Several researches have pointed out that optical illusions may occur when the horizontal curve is combined with a vertical curve. Crest and sag combinations can cause a significant different driver’s behaviour compared to the behaviour adopted on the horizontal curves on flat grade. In particular the literature reports the hypothesis that horizontal curves appear sharper or flatter when overlapping with crest o sag vertical curves, respectively. This hypothesis was validated from studies on the visual perception of the road through the use of computer animation techniques. On the basis of these researches models were proposed to estimate the horizontal radius perceived on the combined curve as a function of the actual horizontal radius to evaluate the operating speed through 2-D predicting models. A drawback of computer animation techniques though is that they are limited and not interactive. Interactive driving simulation systems, on the contrary, have high potentials for the analysis of the effects of the combined alignment. An experimental survey at the driving simulator of CRISS (Interuniversitary Research Center on Road Safety) was carried out in order to assess the driver’s behaviour on crest and sag combinations, compared to the behaviour on horizontal curve with the same radius but on flat grade. Two road alignments for the experiment were designed according to the technical Italian guidelines on the coordination of horizontal curves overlapping with vertical curves. One alignment had a flat longitudinal grade, the other had three crest combinations and three sag combinations but with the same horizontal alignment. The vertical grade on the approach tangent of each combined curve was flat in order to avoid the influence of the grade on driver’s behaviour. 35 drivers carried out two driving sessions at the simulator (one for each road alignment) during which the local speeds and the local lateral placement were recorded. On the crest combinations the result of statistical analysis of the speeds was entirely consistent with the hypothesis of perception on crest combinations: at beginning of the circular curve on the reference curves the speeds are greater than those on the correspondent crest combinations. Furthermore the outcomes of the unilateral Z-test showed that the differences between the speeds on reference curves and those on crest combinations tend to decrease as the curve radius increases. Also the influence of the crest vertical curve on the trajectory was clear: the mean deviations from the ideal trajectory at the beginning of the circular curve with radii medium and great were significantly higher on the crest combinations than the mean deviations recorded on the reference curves. On the sag combinations the speeds were not significantly higher (at 5% significance level) than those on the correspondent reference curves. Such result does not seem to strengthen the hypothesis of perception on sag combinations and suggests that the models to estimate the horizontal radius perceived on the sag combinations as a function of the actual horizontal radius to evaluate the operating speed through 2-D predicting models are inappropriate. No significant effect of the sag vertical curve was observed on the trajectory.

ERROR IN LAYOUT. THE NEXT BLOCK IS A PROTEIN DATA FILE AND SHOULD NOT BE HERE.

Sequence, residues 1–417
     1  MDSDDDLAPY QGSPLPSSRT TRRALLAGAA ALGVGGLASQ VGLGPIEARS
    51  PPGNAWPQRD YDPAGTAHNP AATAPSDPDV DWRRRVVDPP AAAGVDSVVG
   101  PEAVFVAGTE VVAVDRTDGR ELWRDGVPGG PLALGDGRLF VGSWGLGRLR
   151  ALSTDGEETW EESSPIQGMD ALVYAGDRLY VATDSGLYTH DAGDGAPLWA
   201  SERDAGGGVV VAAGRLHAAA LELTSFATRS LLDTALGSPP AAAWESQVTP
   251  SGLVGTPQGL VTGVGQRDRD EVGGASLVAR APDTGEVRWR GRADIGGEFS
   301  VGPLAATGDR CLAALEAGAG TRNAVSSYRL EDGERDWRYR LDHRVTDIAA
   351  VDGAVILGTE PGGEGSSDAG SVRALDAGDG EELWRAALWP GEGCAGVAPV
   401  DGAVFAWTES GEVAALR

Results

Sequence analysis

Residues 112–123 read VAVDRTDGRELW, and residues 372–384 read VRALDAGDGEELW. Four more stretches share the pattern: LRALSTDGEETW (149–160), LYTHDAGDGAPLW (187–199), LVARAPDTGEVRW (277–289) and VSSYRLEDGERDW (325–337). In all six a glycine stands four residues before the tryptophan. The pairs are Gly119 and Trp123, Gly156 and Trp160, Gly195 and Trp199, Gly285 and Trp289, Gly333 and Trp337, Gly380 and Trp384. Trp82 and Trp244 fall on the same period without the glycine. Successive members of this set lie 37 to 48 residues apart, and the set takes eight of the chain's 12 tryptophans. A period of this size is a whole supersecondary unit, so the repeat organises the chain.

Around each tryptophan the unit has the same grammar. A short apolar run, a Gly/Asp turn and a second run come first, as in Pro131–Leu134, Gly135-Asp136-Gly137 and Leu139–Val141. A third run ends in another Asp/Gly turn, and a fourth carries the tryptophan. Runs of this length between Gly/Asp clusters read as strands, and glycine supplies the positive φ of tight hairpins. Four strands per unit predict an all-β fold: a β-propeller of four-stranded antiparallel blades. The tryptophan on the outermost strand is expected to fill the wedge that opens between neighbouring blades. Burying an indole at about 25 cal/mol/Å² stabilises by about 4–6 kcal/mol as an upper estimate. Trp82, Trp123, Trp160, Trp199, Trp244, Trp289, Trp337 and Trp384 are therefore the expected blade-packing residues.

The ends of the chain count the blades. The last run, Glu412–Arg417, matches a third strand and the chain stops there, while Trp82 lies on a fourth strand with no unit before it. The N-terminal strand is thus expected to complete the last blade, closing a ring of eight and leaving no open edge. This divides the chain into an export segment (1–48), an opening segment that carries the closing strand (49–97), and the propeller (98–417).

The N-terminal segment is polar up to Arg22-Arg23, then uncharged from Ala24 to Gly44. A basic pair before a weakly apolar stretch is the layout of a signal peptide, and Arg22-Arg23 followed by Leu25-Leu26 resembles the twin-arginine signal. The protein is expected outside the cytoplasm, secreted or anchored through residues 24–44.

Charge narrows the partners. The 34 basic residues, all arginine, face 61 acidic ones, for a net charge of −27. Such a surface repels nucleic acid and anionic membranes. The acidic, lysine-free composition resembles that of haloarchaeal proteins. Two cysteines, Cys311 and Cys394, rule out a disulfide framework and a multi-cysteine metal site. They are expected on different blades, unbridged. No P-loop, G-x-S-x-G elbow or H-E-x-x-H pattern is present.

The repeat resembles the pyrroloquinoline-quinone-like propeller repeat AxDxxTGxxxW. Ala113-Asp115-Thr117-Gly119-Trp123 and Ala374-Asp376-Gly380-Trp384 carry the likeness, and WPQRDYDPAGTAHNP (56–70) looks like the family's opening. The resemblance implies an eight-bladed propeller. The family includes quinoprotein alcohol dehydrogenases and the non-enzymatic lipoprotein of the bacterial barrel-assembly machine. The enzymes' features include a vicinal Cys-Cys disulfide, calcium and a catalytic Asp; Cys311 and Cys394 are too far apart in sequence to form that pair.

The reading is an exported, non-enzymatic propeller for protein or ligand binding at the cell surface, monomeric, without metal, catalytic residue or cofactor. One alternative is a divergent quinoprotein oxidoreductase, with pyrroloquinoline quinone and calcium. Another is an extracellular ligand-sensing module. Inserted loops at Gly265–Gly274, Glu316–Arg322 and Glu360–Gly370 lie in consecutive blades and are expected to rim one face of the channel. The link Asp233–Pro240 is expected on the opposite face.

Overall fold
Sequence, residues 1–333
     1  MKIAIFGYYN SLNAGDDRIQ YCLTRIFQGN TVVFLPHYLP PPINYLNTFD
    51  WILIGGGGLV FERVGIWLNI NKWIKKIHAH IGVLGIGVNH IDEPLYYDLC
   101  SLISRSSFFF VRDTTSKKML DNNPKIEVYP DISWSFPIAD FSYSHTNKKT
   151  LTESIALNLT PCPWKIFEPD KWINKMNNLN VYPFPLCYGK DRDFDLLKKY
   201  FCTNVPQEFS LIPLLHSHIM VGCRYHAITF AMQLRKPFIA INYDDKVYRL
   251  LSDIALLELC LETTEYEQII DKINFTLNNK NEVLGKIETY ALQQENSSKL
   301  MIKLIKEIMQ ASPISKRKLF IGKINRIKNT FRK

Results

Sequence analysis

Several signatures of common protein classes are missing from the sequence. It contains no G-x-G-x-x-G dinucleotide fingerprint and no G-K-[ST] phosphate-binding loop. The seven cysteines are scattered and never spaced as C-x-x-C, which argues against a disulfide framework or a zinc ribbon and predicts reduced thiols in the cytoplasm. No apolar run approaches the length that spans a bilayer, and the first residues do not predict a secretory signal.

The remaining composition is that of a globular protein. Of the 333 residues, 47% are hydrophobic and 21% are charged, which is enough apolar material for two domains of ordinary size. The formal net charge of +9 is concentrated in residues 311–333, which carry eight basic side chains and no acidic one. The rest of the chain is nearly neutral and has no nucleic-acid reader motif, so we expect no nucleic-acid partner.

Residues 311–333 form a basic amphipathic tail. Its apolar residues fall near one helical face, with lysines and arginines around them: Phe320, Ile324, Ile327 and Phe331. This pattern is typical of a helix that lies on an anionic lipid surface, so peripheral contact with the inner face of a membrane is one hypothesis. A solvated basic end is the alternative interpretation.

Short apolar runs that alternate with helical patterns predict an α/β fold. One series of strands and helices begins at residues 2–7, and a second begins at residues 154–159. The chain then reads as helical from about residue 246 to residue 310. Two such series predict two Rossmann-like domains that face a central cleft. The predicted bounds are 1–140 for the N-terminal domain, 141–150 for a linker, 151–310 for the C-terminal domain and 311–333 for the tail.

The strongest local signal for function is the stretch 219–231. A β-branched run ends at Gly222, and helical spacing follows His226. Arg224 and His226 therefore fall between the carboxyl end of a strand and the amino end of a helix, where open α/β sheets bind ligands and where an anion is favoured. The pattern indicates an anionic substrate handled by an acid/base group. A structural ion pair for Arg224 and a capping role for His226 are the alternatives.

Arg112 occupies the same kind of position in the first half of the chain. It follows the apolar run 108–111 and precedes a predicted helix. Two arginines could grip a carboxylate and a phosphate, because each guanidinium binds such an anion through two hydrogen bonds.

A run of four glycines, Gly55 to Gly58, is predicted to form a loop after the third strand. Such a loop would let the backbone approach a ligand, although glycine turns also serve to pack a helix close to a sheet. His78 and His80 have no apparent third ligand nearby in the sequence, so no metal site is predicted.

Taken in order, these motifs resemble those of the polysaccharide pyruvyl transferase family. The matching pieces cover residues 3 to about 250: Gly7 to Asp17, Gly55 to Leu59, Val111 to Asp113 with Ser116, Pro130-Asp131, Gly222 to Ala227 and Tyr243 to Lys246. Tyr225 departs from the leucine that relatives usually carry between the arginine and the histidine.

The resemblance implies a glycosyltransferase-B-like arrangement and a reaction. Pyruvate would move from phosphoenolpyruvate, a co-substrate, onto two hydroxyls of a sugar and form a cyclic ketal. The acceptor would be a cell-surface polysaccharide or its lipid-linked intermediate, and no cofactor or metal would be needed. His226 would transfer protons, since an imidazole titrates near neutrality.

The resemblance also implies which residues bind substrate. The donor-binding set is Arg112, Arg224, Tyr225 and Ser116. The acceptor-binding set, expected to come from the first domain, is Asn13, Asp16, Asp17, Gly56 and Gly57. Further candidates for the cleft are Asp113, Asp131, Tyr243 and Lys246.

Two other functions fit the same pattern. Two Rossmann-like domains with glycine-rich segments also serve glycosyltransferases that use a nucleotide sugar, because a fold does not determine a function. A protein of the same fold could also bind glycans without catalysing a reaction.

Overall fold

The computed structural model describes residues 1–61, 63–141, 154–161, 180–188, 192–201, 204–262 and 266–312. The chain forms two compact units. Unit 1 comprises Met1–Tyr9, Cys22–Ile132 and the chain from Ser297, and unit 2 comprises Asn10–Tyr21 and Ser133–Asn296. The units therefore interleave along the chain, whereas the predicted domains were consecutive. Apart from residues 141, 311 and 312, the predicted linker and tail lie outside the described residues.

Bella, F. (2005). Driver Perception of Crest and Sag Combinations at the Driving Simulator: Effects on Drivers’s Behaviour. In Proceedings of the 3rd International Congress of SIIV.